Ayushi Anand
Feb 03, 2014

‘Direct marketing has to be evolved to create involvement, not irritation’

Q&A with Kanika Mittal, head - marketing and brand communications, Reebok India

‘Direct marketing has to be evolved to create involvement, not irritation’

On the sidelines of recently-held DMAi, Campaign India caught up with Kanika Mittal, head - marketing and brand communications, Reebok India, on the importance of direct marketing for a brand that sells through exclusive and multi-brand outlets and consumer privacy, among other things. Edited excerpts:

How is direct marketing important for a brand that sells through exclusive stores and multi-brand outlets?

Why it is important to us is that it ultimately helps us in two ways. One, it is a healthy engagement with the end consumer. So you may not really be selling something but you are engaging with them on some really good content. If somebody has, let’s say, signed up with us and has shown interest in running, then whenever we host the next running event  or whenever we do a training to run the right way or train to run a marathon, we get him through direct marketing. The person gets relevant information that he can use to make himself a better trainer, runner or a dancer.

Secondly, it helps us is to build a base of loyal customers. For our end of season sale or a new technology being launched, this base of loyal customers would feel privileged if we give them a preview before everybody else gets to see it.

What percentage of your marketing spends are allocated towards direct marketing?

We don’t segregate it as direct marketing .We just have a very broad segregation into ATL,BTL and digital. At this point of time its scenario-focused. We have a different definition of target marketing as opposed to the traditional definition.

Do you see direct marketing growing with increasing media fragmentation?

Yes, I definitely see it growing as I consider it as a non-traditional way of communication and like I said, traditional media allows you to have one-to-many conversations so it’s all vertical. But direct marketing allows me to have one-on-one conversations and that is all horizontal. That is a more healthy and more direct way of communicating with our consumers.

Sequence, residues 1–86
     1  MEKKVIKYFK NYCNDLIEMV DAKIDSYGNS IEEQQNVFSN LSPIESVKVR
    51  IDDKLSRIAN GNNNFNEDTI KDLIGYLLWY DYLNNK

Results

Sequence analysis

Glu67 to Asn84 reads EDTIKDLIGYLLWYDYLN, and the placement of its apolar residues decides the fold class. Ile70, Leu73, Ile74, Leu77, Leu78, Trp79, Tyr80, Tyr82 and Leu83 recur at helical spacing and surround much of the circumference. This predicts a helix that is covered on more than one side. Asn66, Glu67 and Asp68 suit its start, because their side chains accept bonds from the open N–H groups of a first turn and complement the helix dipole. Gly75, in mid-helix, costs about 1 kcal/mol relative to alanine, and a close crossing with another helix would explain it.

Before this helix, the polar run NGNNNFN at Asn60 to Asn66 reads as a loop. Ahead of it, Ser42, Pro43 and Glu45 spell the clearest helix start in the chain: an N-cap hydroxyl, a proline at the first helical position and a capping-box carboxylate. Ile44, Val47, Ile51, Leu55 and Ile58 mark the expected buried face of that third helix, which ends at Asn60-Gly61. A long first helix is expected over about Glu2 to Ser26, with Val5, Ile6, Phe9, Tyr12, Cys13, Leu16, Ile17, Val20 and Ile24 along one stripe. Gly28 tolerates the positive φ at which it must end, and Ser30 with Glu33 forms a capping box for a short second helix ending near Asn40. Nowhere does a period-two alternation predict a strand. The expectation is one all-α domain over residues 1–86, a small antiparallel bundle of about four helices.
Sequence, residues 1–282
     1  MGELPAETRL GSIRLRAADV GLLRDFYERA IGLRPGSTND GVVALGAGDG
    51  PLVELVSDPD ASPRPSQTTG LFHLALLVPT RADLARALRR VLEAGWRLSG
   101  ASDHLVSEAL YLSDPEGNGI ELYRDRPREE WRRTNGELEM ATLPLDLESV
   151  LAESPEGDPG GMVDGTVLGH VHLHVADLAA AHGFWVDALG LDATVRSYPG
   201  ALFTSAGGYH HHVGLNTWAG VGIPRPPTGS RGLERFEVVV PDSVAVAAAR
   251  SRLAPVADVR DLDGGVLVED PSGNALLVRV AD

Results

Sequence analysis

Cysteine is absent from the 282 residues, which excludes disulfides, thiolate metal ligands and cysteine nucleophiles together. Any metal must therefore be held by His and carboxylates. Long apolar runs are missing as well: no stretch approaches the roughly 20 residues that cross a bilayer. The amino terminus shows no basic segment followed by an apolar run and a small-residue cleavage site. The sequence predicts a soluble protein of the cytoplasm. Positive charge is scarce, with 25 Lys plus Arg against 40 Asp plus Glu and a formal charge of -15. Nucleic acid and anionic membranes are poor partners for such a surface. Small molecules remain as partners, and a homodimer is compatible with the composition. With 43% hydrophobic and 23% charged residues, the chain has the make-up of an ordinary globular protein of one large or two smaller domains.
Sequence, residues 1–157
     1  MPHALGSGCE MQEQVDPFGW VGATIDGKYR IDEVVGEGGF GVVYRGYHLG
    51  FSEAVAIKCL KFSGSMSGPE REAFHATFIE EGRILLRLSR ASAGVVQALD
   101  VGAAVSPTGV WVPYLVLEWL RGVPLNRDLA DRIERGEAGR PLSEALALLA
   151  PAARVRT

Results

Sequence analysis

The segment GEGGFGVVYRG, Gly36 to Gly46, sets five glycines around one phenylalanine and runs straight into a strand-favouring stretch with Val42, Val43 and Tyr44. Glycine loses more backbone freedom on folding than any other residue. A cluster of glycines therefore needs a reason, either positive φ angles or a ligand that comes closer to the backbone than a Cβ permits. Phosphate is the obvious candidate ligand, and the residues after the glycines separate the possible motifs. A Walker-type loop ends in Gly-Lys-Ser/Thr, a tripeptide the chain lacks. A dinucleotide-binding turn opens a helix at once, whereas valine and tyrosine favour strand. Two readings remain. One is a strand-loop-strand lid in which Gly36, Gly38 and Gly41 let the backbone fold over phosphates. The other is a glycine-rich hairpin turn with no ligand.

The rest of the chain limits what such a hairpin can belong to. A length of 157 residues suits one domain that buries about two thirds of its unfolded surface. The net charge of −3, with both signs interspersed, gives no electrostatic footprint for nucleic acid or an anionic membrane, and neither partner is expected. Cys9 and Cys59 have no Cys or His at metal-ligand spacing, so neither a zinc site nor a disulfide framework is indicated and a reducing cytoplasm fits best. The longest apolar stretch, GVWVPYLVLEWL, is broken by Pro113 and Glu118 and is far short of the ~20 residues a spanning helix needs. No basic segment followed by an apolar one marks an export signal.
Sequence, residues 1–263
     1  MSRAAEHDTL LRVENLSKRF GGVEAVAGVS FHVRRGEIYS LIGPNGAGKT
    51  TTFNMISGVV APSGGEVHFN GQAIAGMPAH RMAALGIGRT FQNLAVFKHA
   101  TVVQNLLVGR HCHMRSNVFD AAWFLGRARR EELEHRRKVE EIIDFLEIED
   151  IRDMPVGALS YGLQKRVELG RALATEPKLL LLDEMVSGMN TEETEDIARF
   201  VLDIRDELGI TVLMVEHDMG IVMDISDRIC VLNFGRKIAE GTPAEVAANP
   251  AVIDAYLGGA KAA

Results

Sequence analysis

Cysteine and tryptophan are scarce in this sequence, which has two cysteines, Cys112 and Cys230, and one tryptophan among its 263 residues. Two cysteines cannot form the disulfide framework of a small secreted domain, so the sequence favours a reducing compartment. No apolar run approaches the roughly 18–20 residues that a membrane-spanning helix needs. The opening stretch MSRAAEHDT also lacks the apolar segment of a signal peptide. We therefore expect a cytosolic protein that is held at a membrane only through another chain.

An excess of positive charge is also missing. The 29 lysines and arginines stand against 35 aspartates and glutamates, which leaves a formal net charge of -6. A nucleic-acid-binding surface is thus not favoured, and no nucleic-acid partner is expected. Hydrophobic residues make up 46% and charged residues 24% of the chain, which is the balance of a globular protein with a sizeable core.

What are the concerns that are marring the growth of direct marketing as a channel for brands?

The concern is that if not done the right way, direct marketing can be construed more as spam. It can be more of invasion of privacy and something that the consumer is inherently not comfortable with. So direct marketing needs to be packaged in a really nice way so that the consumer feels involved and at the same time we are not intruding him in any way and kind of putting him off the brand.

There are certain risks associated with direct marketing and we need to really need to check to balance very carefully to ensure that it is involvement we are looking at and not irritation.

Which media vehicles are more suited for direct marketing?

Anything which is permission-based where the consumer has actively said ‘yes’, be it through SMS  or one-on-one. As long as the consumer has shown a very clear verbal or written degree of interest in communicating with the brand, whatever vehicle that is - it’s not vehicle-centric, it’s more like the consumer saying, ‘Yes I want to talk to you’.

Campaign India

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